CHAPTER XIV
The American Pattern in Social Welfare
Government and voluntary, acting in parallel,
sometimes competing,
Taxes and pledges, dollars in tandem,
vastly extensive,

Giving in secret, giving through churches,
Organizations, heady publicity,
Salaried employees, technical programs.
Service to others.
Service to God.

Patterns emerging, solidification,
Trust funds, foundations; unity, diversity.
No turning back ( but longing for old days).
Urbanization.
Big population.
Structuring needs never dreamed of before.

Social insurance—pay for the trip in advance!
Public assistance—no one must starve!
Voluntary organizations.Fund-raising. Planning.
Personal doing of good.
Social welfare; an American pattern,
Federal, local; complicated, simple.
Service to others.
Service to God.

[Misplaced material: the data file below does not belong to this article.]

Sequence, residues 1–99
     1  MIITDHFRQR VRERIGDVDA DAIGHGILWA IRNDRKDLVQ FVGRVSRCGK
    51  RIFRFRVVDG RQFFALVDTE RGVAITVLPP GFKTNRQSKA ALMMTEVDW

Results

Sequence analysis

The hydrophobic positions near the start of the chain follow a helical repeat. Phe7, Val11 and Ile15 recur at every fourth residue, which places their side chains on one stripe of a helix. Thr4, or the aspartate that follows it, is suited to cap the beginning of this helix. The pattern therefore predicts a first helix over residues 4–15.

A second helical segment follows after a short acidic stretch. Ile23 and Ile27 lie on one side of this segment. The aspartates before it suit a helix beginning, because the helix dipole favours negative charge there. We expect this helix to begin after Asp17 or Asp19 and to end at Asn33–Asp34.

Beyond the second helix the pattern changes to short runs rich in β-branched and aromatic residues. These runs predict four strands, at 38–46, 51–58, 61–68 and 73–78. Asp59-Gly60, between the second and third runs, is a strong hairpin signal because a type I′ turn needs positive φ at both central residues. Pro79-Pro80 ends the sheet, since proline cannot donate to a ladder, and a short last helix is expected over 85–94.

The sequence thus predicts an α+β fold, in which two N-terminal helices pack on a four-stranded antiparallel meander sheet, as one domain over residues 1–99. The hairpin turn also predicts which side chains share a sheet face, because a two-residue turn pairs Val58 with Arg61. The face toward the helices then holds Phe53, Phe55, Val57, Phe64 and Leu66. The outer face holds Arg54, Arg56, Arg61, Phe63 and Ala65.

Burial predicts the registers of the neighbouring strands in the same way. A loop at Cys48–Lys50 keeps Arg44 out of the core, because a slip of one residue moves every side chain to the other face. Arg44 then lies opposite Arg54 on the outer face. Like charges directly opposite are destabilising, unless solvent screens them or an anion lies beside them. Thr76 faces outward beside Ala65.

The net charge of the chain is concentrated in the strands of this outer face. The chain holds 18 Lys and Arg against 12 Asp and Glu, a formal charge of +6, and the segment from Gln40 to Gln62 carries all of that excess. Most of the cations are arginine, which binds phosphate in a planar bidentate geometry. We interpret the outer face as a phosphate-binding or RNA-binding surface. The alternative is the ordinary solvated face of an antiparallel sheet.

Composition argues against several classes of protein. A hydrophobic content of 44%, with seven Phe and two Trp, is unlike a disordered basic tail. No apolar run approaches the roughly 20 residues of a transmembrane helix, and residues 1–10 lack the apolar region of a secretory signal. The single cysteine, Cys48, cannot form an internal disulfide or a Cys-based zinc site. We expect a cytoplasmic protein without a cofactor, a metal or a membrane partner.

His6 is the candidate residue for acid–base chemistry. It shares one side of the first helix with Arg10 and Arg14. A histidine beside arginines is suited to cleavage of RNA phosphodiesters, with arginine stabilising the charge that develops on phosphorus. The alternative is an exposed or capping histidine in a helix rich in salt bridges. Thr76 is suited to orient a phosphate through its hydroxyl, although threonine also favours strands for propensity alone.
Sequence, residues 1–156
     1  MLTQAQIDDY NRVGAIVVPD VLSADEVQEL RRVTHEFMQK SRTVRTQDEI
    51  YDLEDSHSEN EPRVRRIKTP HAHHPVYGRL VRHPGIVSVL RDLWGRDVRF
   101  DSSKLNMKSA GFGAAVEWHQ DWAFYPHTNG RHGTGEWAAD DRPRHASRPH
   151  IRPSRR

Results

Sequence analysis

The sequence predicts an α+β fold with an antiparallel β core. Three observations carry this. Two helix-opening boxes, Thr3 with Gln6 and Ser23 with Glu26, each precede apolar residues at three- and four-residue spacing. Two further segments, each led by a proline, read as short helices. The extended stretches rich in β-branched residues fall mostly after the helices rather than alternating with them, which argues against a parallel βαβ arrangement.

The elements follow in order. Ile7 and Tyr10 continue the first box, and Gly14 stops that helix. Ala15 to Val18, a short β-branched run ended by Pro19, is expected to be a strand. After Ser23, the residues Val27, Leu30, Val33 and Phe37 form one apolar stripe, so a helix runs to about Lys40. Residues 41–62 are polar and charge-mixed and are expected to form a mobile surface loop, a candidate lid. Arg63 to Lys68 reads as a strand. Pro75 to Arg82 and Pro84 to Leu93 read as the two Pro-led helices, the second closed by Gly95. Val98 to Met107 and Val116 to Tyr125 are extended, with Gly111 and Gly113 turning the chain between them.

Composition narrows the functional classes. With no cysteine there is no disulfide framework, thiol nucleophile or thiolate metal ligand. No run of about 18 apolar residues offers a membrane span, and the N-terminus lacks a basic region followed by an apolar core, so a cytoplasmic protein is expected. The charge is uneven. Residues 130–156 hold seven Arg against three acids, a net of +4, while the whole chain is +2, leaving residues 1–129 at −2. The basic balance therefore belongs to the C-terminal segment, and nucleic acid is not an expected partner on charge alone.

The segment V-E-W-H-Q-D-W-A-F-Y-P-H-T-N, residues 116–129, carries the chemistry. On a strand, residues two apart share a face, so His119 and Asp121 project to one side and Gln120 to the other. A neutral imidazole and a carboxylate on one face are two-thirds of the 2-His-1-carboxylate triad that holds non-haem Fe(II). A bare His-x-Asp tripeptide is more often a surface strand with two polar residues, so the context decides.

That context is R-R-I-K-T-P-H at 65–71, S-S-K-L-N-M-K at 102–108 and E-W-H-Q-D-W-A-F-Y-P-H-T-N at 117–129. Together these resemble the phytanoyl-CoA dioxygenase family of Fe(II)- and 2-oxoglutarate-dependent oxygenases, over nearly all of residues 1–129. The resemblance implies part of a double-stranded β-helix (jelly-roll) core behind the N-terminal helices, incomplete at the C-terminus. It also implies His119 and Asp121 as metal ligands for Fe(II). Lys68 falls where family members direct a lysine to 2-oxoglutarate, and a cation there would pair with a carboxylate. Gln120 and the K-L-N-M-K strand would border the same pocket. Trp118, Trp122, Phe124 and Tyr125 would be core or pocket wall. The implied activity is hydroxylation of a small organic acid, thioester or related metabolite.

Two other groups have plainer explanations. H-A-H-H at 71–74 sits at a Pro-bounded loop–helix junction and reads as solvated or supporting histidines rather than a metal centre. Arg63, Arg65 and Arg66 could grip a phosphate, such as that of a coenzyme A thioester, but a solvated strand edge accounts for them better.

CHANGE HAS BEEN THE GENERAL RULE in twentieth-century America.Our people have accepted this and come to live with it. The temptation is great when studying and writing about any aspect of life in these fluid years to say, in effect, "there was the great change." Books on science say this; so, too, volumes on industrial relations, on communications, on warfare, and on literature. Nothing escapes this tendency.

One of the most significant changes in social welfare, beyond any doubt, was the vast multiplication of welfare organizations serving the needy. This phenomenon was apparent at the national, state, and local levels alike. The building of voluntary organizations sufficient in extent to be household words in every

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